Enterprise Europe Network (Profile:TRNL20190221001)
Short description of advertisement:
Seeking companies or research centres to develop innovative applications for chemical routes on the basis of a very pure fructose (F99).
A Dutch multinational agro-food company having a core business in beet sugar (sucrose) has developed a technology to produce fructose with less than 1% glucose as “impurity”. The company is looking for partners in the chemical industry interested in developing chemical routes for novel applications of this very pure biobased feedstock in the frame of a technical cooperation agreement, a joint venture or a manufacturing agreement. This request is part of an open innovation challenge.
A Dutch multinational company specialised in the production of chemical components from beet sugar (sucrose) has developed a technology to produce fructose with less than 1% glucose as “impurity”. A 90% purity fructose (F90) is commercially available on a large scale (95% purity (F95) as well on a more limited scale) and is used for all sorts of food applications (e.g. diabetic sweets) but the content of glucose (as primary “impurity”) could make this quality unsuitable as feedstock for chemical conversions. The company developed a new more purified quality of fructose, F99, where glucose is hardly present. Before a possible upscaling, it is important for the company to know how its cost price relates to the added value due to purity in various chemical conversion routes. The company is seeking (strategic) partners who place very high demands on the purity of fructose (>>95%) as a raw material in chemistry. A possible supply chain could be for example Fructose -> HydroxyMethylFurfural (HMF) -> FuranDiCarboxylic Acid (FDCA) -> polyesters and other polymers.
Questions are for example: Are there any chemical routes requiring the use of high purity fructose as a feedstock that justify a premium compared to the current price of F90/F95? Which contaminants in a fructose feedstock lead to the most significant drawbacks in these chemical routes and what is the nature and impact of these drawbacks? Examples of such drawbacks could be lower yields, contamination of catalysts, additional process steps and/or the difficulty to reach the needed purity of the conversion product.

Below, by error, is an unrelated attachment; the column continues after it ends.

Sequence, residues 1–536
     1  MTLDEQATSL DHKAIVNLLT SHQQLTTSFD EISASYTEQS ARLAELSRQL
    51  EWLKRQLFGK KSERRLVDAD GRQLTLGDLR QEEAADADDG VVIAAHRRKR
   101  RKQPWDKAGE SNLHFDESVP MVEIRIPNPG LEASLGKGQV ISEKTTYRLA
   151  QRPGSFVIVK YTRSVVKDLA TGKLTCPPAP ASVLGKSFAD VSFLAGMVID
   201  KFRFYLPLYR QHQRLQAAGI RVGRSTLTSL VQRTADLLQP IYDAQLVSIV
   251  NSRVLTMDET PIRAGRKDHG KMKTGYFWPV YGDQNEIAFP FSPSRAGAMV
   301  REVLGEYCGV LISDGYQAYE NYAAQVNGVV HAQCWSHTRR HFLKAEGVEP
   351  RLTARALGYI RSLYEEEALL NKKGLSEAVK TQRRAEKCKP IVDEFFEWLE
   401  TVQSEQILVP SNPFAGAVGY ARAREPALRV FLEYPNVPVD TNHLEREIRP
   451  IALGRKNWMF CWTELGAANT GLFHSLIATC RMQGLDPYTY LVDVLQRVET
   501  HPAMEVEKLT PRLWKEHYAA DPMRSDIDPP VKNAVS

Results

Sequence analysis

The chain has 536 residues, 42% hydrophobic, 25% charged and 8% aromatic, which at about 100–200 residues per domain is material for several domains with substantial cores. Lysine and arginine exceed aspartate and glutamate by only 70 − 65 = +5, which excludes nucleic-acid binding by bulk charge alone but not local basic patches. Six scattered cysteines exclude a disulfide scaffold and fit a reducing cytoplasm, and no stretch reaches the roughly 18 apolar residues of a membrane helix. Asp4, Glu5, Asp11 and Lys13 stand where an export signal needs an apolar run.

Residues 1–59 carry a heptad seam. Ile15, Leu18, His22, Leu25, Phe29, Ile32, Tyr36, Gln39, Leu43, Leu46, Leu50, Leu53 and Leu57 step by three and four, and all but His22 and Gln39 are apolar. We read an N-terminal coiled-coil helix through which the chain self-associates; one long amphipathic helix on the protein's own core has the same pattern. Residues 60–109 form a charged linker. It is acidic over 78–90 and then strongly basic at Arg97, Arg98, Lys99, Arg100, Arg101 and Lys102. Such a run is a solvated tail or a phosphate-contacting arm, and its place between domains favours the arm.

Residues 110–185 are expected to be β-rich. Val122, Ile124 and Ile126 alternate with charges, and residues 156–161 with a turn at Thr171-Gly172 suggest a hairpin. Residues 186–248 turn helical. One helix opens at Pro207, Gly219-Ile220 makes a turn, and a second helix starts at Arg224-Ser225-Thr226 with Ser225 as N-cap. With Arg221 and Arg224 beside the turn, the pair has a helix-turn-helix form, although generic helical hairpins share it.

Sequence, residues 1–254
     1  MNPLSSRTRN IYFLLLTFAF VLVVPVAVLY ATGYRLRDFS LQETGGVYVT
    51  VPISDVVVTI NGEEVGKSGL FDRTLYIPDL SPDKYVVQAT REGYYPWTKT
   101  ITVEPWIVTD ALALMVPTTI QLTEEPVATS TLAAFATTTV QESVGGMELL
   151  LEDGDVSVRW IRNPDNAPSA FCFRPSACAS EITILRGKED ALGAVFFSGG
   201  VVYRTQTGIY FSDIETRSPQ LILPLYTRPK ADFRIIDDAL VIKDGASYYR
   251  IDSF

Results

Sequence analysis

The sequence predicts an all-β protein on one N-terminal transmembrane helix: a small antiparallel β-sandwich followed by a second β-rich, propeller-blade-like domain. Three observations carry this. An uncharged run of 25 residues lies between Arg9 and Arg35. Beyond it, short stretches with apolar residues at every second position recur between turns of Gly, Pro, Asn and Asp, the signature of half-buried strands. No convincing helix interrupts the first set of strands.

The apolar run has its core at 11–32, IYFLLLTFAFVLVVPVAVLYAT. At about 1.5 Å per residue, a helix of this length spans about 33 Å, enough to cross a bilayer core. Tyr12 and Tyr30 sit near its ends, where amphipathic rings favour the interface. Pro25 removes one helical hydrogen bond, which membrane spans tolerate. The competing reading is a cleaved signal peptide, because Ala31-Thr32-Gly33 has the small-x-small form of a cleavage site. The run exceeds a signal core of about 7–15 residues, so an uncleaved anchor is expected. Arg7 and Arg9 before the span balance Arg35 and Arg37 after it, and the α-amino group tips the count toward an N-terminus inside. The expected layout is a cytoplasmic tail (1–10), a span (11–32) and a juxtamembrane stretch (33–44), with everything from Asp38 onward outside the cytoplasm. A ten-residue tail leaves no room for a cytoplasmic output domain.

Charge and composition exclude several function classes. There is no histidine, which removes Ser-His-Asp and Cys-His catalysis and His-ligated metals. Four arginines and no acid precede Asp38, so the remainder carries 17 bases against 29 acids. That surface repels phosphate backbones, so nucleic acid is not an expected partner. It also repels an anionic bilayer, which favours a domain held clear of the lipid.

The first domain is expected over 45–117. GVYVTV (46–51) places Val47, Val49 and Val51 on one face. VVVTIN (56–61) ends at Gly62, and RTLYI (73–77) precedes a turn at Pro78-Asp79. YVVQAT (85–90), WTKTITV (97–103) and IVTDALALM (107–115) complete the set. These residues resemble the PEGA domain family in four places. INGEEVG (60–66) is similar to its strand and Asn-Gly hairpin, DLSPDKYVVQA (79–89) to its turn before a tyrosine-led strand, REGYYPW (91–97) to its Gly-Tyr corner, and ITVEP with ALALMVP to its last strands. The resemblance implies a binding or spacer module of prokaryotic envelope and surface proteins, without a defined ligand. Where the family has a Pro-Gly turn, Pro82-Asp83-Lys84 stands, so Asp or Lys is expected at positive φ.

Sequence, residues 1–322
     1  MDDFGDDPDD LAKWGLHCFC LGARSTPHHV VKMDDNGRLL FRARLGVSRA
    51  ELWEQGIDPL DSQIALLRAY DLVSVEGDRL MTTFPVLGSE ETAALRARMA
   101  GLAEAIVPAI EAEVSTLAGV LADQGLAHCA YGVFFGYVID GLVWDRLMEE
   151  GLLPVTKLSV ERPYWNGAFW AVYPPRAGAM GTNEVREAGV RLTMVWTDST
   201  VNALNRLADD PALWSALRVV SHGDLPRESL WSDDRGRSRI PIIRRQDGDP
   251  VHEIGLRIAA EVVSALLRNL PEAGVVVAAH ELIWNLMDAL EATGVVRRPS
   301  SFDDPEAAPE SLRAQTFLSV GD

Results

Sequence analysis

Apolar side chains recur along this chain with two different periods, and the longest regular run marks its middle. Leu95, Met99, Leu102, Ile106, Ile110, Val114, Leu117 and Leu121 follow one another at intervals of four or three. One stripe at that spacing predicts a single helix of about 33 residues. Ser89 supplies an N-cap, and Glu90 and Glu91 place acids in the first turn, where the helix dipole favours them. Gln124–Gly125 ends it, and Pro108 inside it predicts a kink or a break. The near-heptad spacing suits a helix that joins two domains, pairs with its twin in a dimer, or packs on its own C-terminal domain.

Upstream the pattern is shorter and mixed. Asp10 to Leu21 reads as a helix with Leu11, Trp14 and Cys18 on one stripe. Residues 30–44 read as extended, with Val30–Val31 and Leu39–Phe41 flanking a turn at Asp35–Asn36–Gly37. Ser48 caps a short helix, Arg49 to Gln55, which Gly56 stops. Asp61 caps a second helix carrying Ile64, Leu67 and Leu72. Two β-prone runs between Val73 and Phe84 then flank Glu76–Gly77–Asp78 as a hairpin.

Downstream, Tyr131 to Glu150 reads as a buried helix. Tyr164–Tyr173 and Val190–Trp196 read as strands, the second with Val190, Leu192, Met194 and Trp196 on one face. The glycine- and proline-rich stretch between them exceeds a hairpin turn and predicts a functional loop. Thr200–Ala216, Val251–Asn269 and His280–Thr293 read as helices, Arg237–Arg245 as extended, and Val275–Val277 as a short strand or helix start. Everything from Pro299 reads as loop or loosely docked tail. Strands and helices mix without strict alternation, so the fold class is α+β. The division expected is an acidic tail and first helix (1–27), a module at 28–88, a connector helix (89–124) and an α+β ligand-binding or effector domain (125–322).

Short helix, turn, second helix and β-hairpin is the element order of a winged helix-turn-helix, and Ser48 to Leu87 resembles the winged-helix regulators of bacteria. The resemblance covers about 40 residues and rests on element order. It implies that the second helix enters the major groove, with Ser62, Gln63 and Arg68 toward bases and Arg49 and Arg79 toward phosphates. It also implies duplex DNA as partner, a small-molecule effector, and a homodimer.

The company is looking for (strategic) partners in the chemical industry who are interested in developing chemical routes for innovative applications of this very pure biobased feedstock in the frame of a technical cooperation agreement.
In the case of industrial partners interested in a deeper and continuous collaboration, the company may consider to start a joint venture or a manufacturing agreement.
IMPORTANT: This Technology Request refers to an innovation challenge published on an internet platform. If an organization expresses interest before closing date, it will be guided towards this open innovation platform. After registration participants can browse free through other submissions and engage in discussions. All submissions will get feedback by the company on this open platform. The challenge closes on April 26th 2019. Mind that posts on this platform are not confidential. Beside open discussions on the platform, sharing of confidential information will be made possible on demand. After that, the firm will select the SME's with whom they would like to cooperate in the development of a solution. Once the challenge is closed, Expressions of Interest for this technology request will be treated in the traditional way.
For more information please contact Enterprise Europe Network Latvia.